While dirty air spreads across large areas of the New England region, it's more scattered in the southeastern part of the United States. Details were presented during a symposium on indicators of forest health on Tuesday, Aug. 3, at the annual meeting of the Ecological Society of America in Portland, Ore.
As part of national project to monitor the health of forests, including the trees and everything else living in these ecosystems, researchers from the University of Wisconsin-Madison and the U.S. Forest Service have turned to the leafy or tufted species of lichens.
Lichens typically live on tree trunks, branches and rocks on the forest floor, and they're well known for their sensitivity to environmental change, such as air pollution, says Susan Will-Wolf, a UW-Madison associate scientist in botany, who is involved in the project. "They're the 'canary in the mine' that can provide an advance warning of potential hazards."
Changes in lichen communities, she adds, are an indicator of the possibility for changes within the ecosystem, such as less-efficient nutrient cycling or slower forest growth. "While forests are important for timber production, they are also important for maintaining watersheds and protecting biodiversity," says Will-Wolf. "This ability may be impaired under certain conditions."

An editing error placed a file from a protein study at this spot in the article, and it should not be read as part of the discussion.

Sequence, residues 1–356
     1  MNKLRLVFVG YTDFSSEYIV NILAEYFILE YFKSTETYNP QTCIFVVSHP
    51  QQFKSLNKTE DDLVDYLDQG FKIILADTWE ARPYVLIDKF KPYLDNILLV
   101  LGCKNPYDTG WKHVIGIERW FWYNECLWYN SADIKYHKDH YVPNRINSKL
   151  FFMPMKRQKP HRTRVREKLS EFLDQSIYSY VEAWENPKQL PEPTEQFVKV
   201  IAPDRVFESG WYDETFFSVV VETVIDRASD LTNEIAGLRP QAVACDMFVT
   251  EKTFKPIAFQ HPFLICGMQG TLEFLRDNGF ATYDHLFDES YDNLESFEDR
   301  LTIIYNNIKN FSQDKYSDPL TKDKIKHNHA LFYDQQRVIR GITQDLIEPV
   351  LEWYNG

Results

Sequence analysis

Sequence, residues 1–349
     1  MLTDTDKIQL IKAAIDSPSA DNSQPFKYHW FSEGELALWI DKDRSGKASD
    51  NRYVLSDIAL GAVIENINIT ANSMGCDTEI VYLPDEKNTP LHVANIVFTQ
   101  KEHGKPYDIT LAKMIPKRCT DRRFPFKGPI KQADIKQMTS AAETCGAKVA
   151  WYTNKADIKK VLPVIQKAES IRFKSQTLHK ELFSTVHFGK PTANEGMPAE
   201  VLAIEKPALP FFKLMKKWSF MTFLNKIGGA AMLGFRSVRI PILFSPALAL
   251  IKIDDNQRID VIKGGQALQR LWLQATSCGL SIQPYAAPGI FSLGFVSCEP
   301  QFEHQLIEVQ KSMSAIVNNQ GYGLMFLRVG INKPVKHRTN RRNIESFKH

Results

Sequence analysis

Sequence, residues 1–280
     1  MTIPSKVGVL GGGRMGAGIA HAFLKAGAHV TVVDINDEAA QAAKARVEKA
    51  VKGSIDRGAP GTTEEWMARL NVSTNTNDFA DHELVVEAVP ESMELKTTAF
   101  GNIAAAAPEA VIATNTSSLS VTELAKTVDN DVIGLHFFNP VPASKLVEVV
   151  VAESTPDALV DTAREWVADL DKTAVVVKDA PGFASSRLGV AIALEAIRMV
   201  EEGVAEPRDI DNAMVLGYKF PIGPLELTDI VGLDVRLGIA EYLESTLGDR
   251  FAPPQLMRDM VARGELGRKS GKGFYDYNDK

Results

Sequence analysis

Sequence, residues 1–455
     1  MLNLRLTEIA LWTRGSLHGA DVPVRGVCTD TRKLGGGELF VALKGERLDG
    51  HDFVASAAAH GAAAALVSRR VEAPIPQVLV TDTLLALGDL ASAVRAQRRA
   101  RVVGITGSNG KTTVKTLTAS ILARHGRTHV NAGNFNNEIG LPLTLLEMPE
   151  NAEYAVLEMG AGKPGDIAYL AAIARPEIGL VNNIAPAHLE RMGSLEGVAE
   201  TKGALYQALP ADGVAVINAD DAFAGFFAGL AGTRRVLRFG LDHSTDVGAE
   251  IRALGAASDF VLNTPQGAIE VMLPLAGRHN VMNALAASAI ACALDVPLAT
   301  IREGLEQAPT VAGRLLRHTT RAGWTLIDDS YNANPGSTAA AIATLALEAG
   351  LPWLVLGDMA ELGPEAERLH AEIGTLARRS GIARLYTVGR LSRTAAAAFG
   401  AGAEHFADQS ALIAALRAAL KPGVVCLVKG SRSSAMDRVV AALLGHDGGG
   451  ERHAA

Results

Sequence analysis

Recognizing the potential of these plants to signal changes in the environment, the Wisconsin botanist and her colleagues developed regional models based on lichen community composition to assign air-quality scores to forest plots and predict the impact of air pollution on forests. The models show, for example, that areas with dirtier air tend to have fewer species of lichens. The opposite is true for areas with cleaner air.
With these models, Will-Wolf and others used data collected by the U.S. Forest Service to monitor lichen communiti
Contact: Susan Will-Wolf
University of Wisconsin-Madison